10 partially dependent on government revenue for their income. Nevertheless, there is a strong tradition that government, even where it has the formal reserve legal powers to do so, does not interfere with day to day decisions. The benefits of such bodies, especially in the regulatory field, are that they can bring consistency in approach and specialist expertise, free from political interference. In a recent official review on the use of independent regulators, nearly all consultees who were subject to regulation agreed that it was preferable to be regulated by an independent regulator rather than a government department (1). Benefits noted included more consistency in decision-making, long term rather than short term decision-making, better transparency and accountability, greater trust between the regulator and regulated, and freedom from undue political interference. In the field of the environment, the gradual transfer of enforcement powers from elected local authorities to newly created independent agencies began at the beginning of the last century in the field of water pollution where river courses did not respect and often crossed over the administrative boundaries of local authorities. From an environmental and hydrological perspective, it was considered preferable to create new regulatory authorities whose jurisdiction covered the whole length of the core main rivers. This process culminated in 1995 with the creation of the Environment Agency which has major regulatory responsibilities across key areas of environmental policy, including waste management, water abstraction and pollution, industrial pollution control (including IPPC), radioactive controls, and inland fishing. It also has extensive operational responsibilities in the field of water management, including flood defence. Local authorities retain significant powers in the environmental field, especially in relation to land use planning and the regulation of smaller businesses potentially causing local environmental nuisances, but the Environment Agency is the core national regulator, and indeed the largest such body in the United Kingdom. The Agency was established as a non-departmental public body with a current staff of around 10,000 and an income derived from three main sources licence fees and charges, flood levies and capital grants, and direct government grant. These used to be in roughly equal proportions, but with an increasing squeeze on the amount of direct government grant there has been a corresponding increase in the amount derived from licence fees and charges. A similar independent agency has been established in Scotland, the Scottish Environment Protection Agency, though with somewhat narrower functions. The exception is Northern Ireland, where core environmental regulation is the responsibility of the Environment and Heritage Service, an agency within but not legally separate from the Northern Ireland Department of the Environment. A recent campaign by Northern Ireland environment groups has called for an independent agency, and resulted in the Government establishing an independent review of governance structures. (1) Better Regulation Task Force (2003) Independent Regulators, BRTF, London. 10 RIVISTA GIURIDICA DELL AMBIENTE - 1/ ADDENDA ONLINE GIUFFRÈ EDITORE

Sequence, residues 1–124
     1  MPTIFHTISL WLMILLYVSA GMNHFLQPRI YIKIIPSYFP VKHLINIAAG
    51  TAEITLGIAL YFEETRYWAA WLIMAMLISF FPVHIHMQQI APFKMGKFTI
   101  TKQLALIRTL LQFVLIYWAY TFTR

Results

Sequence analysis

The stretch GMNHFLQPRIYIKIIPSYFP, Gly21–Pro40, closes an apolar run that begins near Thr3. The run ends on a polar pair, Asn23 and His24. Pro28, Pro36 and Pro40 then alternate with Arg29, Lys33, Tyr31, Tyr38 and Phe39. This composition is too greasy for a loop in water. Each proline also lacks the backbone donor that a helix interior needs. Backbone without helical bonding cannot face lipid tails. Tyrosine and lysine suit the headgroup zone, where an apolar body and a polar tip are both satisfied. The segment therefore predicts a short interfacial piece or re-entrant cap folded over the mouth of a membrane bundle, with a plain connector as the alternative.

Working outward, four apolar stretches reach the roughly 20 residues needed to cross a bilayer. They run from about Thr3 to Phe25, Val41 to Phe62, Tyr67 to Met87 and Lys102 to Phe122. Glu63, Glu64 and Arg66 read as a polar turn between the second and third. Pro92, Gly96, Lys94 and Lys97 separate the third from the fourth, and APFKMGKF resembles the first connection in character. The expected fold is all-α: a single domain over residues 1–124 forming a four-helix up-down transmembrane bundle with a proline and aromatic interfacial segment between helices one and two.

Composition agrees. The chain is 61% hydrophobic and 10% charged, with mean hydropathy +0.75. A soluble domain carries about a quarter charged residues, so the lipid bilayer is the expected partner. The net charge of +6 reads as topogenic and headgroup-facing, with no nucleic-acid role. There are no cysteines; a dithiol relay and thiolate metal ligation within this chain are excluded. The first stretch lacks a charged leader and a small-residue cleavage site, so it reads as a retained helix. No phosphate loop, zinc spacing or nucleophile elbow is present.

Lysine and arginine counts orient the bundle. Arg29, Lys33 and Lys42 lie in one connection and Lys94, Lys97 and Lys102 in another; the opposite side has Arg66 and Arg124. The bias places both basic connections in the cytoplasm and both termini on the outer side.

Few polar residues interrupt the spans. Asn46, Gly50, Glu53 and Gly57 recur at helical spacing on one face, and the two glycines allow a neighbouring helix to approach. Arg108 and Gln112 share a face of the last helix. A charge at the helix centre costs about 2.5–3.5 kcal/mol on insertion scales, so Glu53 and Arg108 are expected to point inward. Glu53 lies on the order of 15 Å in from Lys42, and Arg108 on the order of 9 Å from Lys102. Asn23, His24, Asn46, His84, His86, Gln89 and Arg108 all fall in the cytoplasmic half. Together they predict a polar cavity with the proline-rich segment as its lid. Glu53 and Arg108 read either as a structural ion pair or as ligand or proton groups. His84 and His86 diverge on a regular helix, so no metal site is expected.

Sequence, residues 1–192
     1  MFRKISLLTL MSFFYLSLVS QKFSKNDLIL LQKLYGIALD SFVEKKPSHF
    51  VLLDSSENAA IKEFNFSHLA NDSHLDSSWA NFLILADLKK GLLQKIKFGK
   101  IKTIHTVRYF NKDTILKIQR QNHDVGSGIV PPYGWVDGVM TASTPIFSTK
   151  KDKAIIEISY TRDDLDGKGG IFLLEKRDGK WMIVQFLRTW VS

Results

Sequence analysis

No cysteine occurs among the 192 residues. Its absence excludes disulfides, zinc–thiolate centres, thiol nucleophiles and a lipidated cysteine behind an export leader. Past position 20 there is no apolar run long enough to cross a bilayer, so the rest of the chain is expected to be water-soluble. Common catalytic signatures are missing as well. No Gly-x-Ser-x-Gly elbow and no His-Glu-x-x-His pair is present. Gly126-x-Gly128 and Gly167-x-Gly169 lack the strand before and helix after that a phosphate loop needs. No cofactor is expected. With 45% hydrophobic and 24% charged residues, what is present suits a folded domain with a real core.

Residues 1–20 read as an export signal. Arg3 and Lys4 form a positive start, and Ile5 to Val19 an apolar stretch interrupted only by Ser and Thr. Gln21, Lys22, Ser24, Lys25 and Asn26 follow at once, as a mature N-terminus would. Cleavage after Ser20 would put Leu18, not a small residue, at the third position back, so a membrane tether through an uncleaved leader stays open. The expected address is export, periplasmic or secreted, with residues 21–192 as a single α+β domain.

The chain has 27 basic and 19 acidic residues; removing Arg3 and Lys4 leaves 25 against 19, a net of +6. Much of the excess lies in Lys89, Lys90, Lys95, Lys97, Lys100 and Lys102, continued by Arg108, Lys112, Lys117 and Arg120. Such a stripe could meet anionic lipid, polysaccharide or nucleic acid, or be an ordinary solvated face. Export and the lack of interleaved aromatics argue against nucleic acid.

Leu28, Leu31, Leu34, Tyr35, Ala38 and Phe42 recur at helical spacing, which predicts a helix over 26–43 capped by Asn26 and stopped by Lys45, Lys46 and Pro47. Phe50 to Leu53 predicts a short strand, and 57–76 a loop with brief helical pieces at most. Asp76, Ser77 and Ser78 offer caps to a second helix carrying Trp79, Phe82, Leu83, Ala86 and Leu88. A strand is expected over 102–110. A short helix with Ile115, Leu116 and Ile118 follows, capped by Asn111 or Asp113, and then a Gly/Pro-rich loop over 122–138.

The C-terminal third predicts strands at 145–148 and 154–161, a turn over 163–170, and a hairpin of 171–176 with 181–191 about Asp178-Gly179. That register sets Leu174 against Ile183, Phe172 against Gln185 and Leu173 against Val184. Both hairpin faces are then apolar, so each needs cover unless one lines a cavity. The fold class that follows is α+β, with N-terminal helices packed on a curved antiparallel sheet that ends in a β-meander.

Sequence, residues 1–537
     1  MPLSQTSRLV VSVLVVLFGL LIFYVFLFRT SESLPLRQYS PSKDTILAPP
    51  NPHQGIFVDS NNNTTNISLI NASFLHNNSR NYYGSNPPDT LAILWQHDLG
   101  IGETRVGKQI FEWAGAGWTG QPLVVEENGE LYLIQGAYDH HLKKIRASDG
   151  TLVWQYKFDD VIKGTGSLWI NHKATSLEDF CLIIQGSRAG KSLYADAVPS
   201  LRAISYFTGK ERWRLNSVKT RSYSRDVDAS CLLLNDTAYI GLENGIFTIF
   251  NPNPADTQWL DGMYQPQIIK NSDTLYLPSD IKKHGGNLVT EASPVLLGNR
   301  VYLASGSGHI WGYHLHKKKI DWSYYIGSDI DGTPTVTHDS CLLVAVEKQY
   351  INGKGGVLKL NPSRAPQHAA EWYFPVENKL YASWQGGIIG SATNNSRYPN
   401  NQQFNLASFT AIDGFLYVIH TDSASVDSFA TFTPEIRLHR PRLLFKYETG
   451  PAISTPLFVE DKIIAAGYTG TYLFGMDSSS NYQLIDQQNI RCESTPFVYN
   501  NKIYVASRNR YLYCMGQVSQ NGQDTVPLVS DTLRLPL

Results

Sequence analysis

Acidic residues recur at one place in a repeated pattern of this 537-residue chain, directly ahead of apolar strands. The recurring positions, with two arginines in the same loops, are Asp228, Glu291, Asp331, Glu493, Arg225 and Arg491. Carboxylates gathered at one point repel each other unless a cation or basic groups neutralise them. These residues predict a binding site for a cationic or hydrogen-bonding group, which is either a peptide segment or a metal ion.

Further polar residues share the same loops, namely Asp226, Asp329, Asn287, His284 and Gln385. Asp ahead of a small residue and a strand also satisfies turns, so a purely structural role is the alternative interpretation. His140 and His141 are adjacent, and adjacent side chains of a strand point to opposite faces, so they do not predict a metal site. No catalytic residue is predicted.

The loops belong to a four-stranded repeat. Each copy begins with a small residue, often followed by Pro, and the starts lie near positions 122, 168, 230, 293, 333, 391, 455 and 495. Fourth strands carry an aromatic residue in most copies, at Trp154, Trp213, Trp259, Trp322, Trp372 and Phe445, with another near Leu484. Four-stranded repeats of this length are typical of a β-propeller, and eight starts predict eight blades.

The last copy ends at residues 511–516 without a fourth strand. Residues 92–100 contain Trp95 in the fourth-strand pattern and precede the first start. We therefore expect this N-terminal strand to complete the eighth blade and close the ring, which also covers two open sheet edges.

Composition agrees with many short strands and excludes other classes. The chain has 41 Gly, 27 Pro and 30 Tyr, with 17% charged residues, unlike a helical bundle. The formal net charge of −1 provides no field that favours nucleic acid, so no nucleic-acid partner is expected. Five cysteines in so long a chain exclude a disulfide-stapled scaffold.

11 The Review s final report, published in June 2007 (2), has called for the transformation of the Environment and Heritage Service into an independent environment agency but with enhanced responsibilities. 3. Dominant Use of criminal sanctions. The second distinctive feature of the UK approach to environmental regulation has been the way that criminal law has long been used as an integral part of the enforcement system. The legal sanction for nearly all breaches of environmental regulation or non-compliance with formal notices requiring breaches to be remedied is a criminal offence, ultimately handled by the ordinary criminal courts. There are no general criminal offences concerning the environment but each specific environmental law or regulation creates its own offences thus the deposit of waste without a waste management licence or the deposit of waste in breach of licence conditions is defined as a criminal offence in the relevant legislation. There has been hardly any use of administrative penalties or fines, with the exception of the recent greenhouse gas emissions trading regime for CO2 where civil penalties have been derived from the EC Directive (3). This heavy use of criminal sanctions is not peculiar to the environmental field, but is to be found in most areas of regulation, including workplace safety, and trading standards. The exception of modern financial services and competition regulation where much greater use of administrative penalties is made. The constituents of the criminal offence are to be determined from the legislation itself. Conventional criminal offences such as theft or assault require the prosecution to prove intent or at least recklessness on the part of the defendant. But there is no fundamental constitutional or jurisprudential principle in the United Kingdom that this must be the case, and most environmental regulatory offences can be committed simply by the act itself and without the need to prove any intention, recklessness, or even negligence on the part of the offender (4). Some offences allow for a defence of due care (2) Foundations for the Future, Final Report of the Review of Environmental Governance (the Burke Review), (3) See regs Greenhouse Gas Emissions Trading Scheme Regulations 2003/3311 implementing EC Directive 2003/87/EC. In 2006 the Environment Agency reported that 4 out of 535 companies within the scheme in England and Wales had failed to surrender sufficient carbon allowances at the end of the year, and in accordance with the Directive and implementing regulations had had a total of Euro 1,127,840 in civil penalties imposed on them. Environment Agency Press release 6 December (4) The core water pollution offence, for example, makes it an offence where a person causes or knowingly permits any poisonous, noxious or polluting matter or any solid waste to enter any controlled waters (s 85 Water Resources Act 1991). Where someone is charged with causing pollution under this section, no intention, recklessness or negligence is an ingredient of the offence simply the act of causing the entry. In a recent case, the House of Lords explored the notion of causation in this offence, and held that in this RIVISTA GIURIDICA DELL AMBIENTE - 1/ ADDENDA ONLINE GIUFFRÈ EDITORE 11